Your browser doesn't support javascript.

Biblioteca Virtual em Saúde

BVS - Literatura Científico-Técnica

Home > Pesquisa > ()
XML
Imprimir Exportar

Formato de exportação:

Exportar

Email
Adicionar mais destinatários
| |

Genomic structure of a crossbred Landrace pig population.

Joaquim, Letícia Borges; Chud, Tatiane Cristina Seleguim; Marchesi, Jorge Augusto Petroli; Savegnago, Rodrigo Pelicioni; Buzanskas, Marcos Eli; Zanella, Ricardo; Cantão, Mauricio Egidio; Peixoto, Jane Oliveira; Ledur, Mônica Correa; Irgang, Renato; Munari, Danísio Prado.
PLoS One; 14(2): e0212266, 2019.
Inglês | MEDLINE | ID: mdl-30818344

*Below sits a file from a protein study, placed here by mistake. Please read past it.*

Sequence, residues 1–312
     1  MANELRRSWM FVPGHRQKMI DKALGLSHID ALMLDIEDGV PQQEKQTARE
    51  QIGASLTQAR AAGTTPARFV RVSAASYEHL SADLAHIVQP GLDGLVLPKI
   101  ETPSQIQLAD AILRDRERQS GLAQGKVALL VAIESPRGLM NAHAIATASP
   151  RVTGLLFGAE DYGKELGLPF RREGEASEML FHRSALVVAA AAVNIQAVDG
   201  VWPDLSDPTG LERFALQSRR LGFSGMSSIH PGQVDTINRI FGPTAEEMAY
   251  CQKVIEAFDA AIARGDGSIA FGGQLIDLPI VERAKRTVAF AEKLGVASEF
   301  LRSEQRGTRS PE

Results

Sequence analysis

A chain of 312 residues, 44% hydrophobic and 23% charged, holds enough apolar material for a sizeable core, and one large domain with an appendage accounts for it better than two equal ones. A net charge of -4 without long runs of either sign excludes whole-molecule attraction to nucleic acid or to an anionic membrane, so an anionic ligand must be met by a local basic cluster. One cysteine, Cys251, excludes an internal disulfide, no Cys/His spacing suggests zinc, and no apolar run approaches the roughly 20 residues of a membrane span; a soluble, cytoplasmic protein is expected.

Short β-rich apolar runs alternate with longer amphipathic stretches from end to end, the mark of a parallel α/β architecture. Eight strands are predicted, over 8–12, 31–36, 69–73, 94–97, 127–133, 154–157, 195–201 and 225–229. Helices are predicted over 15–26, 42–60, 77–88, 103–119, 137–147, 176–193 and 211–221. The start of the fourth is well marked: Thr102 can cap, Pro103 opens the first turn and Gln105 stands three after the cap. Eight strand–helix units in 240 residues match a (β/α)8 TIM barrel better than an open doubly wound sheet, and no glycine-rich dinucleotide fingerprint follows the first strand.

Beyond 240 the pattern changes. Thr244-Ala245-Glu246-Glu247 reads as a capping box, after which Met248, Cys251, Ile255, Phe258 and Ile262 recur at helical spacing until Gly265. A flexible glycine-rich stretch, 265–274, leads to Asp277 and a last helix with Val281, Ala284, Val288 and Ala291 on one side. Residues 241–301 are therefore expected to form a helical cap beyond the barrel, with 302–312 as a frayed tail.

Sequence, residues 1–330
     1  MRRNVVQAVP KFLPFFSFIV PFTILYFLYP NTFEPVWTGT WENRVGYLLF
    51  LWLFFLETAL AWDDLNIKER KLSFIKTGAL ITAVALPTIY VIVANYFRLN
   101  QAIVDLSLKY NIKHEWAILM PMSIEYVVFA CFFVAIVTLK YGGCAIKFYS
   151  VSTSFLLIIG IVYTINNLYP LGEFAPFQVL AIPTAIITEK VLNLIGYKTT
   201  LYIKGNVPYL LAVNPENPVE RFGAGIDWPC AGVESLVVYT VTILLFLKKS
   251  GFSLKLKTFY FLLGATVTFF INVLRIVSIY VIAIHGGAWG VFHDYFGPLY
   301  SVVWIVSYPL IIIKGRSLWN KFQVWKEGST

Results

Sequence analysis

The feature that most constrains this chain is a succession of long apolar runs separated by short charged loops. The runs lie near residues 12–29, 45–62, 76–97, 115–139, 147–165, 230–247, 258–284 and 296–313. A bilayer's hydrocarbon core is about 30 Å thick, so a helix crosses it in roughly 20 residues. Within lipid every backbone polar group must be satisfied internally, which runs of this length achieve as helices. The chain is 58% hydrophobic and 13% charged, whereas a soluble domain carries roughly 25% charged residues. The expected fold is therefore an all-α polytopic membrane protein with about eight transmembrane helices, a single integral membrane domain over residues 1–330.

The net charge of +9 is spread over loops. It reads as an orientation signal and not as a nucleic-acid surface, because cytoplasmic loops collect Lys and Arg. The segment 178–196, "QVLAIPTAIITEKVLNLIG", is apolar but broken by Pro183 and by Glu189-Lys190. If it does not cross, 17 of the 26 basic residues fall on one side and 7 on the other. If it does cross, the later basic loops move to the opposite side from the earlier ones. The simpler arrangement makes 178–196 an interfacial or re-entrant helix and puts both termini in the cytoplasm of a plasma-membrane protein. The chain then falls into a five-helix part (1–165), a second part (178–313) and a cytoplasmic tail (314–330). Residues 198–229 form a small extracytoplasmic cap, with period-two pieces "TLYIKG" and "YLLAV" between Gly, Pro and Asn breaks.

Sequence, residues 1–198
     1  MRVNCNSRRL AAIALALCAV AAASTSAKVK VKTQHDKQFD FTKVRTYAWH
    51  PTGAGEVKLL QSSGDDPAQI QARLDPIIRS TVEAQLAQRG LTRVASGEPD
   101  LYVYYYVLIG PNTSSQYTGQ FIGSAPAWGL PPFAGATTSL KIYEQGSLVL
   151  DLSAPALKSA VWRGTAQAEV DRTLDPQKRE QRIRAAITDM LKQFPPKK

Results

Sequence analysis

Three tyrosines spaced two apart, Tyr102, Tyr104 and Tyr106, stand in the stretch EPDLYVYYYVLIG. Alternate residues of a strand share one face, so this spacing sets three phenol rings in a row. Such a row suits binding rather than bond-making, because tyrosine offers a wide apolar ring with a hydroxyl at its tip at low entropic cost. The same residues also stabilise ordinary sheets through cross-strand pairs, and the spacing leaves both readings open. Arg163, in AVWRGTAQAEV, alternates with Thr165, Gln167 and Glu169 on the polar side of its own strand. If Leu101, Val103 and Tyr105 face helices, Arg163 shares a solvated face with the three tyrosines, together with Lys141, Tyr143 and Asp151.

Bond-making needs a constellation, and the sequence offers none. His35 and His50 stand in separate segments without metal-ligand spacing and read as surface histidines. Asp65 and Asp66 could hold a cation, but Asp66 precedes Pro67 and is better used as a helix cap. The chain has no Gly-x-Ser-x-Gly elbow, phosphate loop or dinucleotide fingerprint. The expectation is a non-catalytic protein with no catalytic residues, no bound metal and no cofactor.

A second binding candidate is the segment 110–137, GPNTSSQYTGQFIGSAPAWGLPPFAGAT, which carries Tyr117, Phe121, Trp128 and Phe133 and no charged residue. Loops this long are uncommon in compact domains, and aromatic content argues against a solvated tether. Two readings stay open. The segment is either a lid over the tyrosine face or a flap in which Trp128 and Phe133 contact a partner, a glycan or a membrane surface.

Single nucleotide polymorphism (SNP) markers are used to study population structure and conservation genetics, which permits assessing similarities regarding the linkage disequilibrium and information about the relationship among individuals. To investigate the population genomic structure of 300 females and 25 males from a commercial maternal pig line we analyzed linkage disequilibrium extent, inbreeding coefficients using genomic and conventional pedigree data, and population stratification. The average linkage disequilibrium (r2) was 0.291 ± 0.312 for all adjacent SNPs, distancing less than 100 Kb (kilobase) between markers. The average inbreeding coefficients obtained from runs of homozygosity (ROH) and pedigree analyses were 0.119 and 0.0001, respectively. Low correlation was observed between the inbreeding coefficients possibly as a result of genetic recombination effect accounted for the ROH estimates or caused by pedigree identification errors. A large number of long ROHs might indicate recent inbreeding events in the studied population. A total of 36 homozygous segments were found in more than 30% of the population and these ROH harbor genes associated with reproductive traits. The population stratification analysis indicated that this population was possibly originated from two distinct populations, which is a result from crossings between the eastern and western breeds used in the formation of the line. Our findings provide support to understand the genetic structure of swine populations and may assist breeding companies to avoid a high level of inbreeding coefficients to maintain genetic diversity, showing the effectiveness of using genome-wide SNP information for quantifying inbreeding when the pedigree was incomplete or incorrect.